Crystallinity of HZSM-5
HZSM-5 has high crystallinity and the metal loading was too small to observe a peak on the XRD spectrum. Table 2 lists the crystallinity value calculated using Eq. 1.
Table 2. Peak area ratio of mixture 25% HZSM-5–75% γAl2O3 for the determination of the percentage of crystallinity.
Doped metal with the exception of CuZSM-5 enhanced the percentage of the crystallinity after the stability test compared to the plain HZSM-5. Yet, molybdenum prepared by ion-exchange had the highest effect compared to the other samples. Generally, impregnated samples have a lower crystallinity with 75.6 for molybdenum compared to ion-exchange metal-doped HZSM-5. Even though FeZSM-5 has a low surface area, its crystallinity is higher than HZSM-5. Copper contains slightly more amorphous material than HZSM-5.
Figure 3 represents the X-ray spectrum overlay between the fresh and the samples treated in subcritical water for the kaolin-pellet HZSM-5. The main difference with the used sample is the presence of new peak at approximately 12° (marking with ⋆) and the intensity is larger between two regions of 21–25° (•) and 35–40° (◻). The change in intensity could be caused by the presence of moisture and amorphous material (explaining why previously zeolite was mixed with a reference material). This pellet is mixed with kaolin clay that was an amorphous material.
Two new peaks appeared after two regeneration tests in supercritical water with no effect, though on the activity as these peaks disappeared after calcination (Mo and Savage, 2014). No change of structure was noticed under low temperature (Ravenelle et al., 2010).
To summarize, these metals have an impact on enhancing the crystallinity or for some the surface area. Impregnated doped metals with a high loading do not have an effect on the physical property of HZSM-5. The next step was to test this catalyst with real biomass.
Regeneration of HZSM-5
The regeneration and the stability of pellet HZSM-5 (compressed pellet) are investigated in this section. Regeneration experiment has already been carried out (Mo et al., 2015) in supercritical water; however, in this study, a different insight brings to the analysis of the composition of the coke. Table 3 includes the bio-crude yield measured after the HTL reaction with a coefficient of variance of 4.6% and the weight percent of coke which are calculated from the thermogravimetric curve and weight loss (from 300 to 900°C). During this process, according to the details in the study (Ortega et al., 1997), the first stage heated the catalyst to 500°C under high flow of helium to age the coke and subsequently the coke was combusted from 300 to 900°C.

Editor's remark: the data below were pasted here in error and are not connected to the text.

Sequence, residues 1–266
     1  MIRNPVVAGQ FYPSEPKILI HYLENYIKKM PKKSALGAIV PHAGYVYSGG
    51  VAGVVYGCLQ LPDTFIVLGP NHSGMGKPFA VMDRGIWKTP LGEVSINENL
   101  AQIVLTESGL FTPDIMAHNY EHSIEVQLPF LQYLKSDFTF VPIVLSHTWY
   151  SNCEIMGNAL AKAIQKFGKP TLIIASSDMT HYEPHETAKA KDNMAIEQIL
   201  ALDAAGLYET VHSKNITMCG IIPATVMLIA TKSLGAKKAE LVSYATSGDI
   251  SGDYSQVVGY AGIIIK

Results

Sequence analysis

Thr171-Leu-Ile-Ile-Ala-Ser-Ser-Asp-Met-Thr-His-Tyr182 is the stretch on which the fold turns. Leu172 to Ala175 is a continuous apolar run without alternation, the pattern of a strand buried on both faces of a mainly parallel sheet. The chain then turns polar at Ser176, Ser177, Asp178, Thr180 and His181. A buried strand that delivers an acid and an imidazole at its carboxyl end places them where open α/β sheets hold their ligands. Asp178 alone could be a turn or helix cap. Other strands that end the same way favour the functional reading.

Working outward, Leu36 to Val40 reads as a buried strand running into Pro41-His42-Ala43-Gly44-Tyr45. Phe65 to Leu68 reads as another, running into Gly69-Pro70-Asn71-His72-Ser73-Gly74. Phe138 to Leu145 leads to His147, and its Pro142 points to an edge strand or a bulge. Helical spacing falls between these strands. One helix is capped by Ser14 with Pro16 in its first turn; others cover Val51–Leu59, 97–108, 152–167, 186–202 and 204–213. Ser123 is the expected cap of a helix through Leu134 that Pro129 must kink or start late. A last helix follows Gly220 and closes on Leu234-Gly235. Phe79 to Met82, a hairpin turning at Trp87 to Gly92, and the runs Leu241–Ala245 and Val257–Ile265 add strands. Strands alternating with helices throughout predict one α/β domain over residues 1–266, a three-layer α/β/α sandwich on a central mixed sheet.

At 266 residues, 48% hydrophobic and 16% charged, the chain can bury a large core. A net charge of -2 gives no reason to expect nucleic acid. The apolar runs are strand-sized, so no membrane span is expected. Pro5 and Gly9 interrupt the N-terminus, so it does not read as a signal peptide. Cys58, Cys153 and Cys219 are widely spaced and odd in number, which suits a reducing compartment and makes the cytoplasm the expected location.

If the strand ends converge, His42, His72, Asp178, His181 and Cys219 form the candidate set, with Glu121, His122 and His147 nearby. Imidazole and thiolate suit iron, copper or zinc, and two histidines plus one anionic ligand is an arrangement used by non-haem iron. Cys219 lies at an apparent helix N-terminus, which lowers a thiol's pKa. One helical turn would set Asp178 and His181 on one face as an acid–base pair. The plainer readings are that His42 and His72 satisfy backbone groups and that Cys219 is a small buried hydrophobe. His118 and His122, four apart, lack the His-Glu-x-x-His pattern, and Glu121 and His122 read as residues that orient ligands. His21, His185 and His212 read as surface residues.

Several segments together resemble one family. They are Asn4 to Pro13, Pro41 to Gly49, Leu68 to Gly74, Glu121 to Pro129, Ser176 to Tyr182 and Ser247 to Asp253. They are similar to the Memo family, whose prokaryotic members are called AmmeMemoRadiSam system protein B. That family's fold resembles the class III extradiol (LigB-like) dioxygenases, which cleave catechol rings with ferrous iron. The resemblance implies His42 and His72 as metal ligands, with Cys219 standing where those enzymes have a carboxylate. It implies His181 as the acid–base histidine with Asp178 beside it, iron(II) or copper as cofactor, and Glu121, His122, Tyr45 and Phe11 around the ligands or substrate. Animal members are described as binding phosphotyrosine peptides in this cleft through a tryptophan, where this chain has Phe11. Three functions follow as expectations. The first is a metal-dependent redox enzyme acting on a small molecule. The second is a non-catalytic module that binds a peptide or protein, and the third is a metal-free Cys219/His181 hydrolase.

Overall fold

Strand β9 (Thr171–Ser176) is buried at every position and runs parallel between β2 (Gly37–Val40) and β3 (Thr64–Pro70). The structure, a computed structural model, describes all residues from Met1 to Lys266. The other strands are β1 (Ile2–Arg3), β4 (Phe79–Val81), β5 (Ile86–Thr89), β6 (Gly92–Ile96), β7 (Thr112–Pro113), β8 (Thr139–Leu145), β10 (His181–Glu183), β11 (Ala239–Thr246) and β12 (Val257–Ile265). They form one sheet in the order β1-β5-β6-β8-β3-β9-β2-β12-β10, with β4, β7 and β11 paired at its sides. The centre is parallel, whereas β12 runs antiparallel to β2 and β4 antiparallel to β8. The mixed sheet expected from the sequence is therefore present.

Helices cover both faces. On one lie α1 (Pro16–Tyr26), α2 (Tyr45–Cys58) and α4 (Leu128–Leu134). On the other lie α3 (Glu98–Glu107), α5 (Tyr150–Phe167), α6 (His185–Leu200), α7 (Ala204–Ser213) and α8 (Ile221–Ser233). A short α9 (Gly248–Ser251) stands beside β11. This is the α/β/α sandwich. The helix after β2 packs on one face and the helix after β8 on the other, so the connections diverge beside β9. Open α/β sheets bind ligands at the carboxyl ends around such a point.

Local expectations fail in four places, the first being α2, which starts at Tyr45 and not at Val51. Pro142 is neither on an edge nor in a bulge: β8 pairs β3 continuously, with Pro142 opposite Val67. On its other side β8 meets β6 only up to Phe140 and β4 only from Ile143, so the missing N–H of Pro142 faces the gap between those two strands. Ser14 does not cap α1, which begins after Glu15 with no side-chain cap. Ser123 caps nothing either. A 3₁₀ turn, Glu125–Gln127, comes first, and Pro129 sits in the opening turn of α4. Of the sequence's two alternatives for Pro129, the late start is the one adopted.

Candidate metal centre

Table 3. Yield (wt.%) of the hydrothermal processing of sunflower oil at 350°C for 1 h in a 77 ml bomb reactor recycling HZSM5 four times.
The initial size of the pellet was approximately 1 mm of diameter, yet after each experiment, the size of the particles was reduced due to the abrasion; this is the reason that cycle 1 is carried out six times, in order to have sufficient catalyst (0.5 g) for the last cycle. The bio-crude yield increases from step 1 to 2 and subsequently the bio-crude yield is leveled out with cycle 3 (regarding the error margin) and cycle 4. The yield of the gaseous yield is 4.2 wt.% for the cycle 1 and for the next cycles (from cycle 2 to 4) it is approximately 3.8 wt.%. Yet, the yield is higher than the powder HZSM-5 with 68.0 wt.% (experiment, as discussed in the next section) indicating that the cracking is less efficient with compressed pellet as the surface area of contact was higher than the powder. In other words, lipids could not access the acidic site. The coke content increases throughout cycles 1–3 and decreases for the last regeneration 4. Between each stage, the catalyst is dried, but not calcined. Compared to the pyrolysis, the formation of coke is up to 6 wt.%, whereas under subcritical condition the coking was lower (de Lucas et al., 1997a). The gas emission is analyzed by the FT-IR, where the absorption of the CO, CO2, and water are detected during the combustion stage. Thanks to a calibration, the mass is calculated and presented in Table 4.
Table 4. Mass of water, carbon monoxide, and carbon dioxide determined by the FT-IR and the H/C ratio for a sample of mass of approximately 20 mg.
The H/C ratio of the coke decreased after the second cycle. The previous study proposed that the reduction in the H/C ratio was caused by the dealumination and the increase in the formation of coke. Moreover, a low H/C ratio indicates the presence of aromatic compounds in the coke (de Lucas et al., 1997a). Thus, HZSM-5 started to degrade after the third cycle. During the first step with pyrolysis, a large amount of methane is produced implying that even with the washing with DCM, some aliphatic compounds are trapped inside the structure of HZSM-5. Subsequently, during the combustion stage mainly CO and CO2 are formed.